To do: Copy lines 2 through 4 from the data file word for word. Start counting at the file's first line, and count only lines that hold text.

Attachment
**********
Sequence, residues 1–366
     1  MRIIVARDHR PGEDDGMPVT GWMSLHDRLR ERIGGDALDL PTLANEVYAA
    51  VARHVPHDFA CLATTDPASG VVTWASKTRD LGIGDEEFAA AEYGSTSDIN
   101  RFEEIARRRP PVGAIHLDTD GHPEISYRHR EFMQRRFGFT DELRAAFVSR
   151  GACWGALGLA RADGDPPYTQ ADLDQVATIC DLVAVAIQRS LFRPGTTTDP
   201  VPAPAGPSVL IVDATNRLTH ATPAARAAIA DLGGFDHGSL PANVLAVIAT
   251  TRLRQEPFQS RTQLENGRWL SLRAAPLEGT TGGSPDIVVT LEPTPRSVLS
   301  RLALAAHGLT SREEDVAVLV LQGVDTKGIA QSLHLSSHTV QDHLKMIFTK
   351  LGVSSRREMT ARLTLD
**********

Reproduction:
     1  MRIIVARDHR PGEDDGMPVT GWMSLHDRLR ERIGGDALDL PTLANEVYAA
    51  VARHVPHDFA CLATTDPASG VVTWASKTRD LGIGDEEFAA AEYGSTSDIN
   101  RFEEIARRRP PVGAIHLDTD GHPEISYRHR EFMQRRFGFT DELRAAFVSR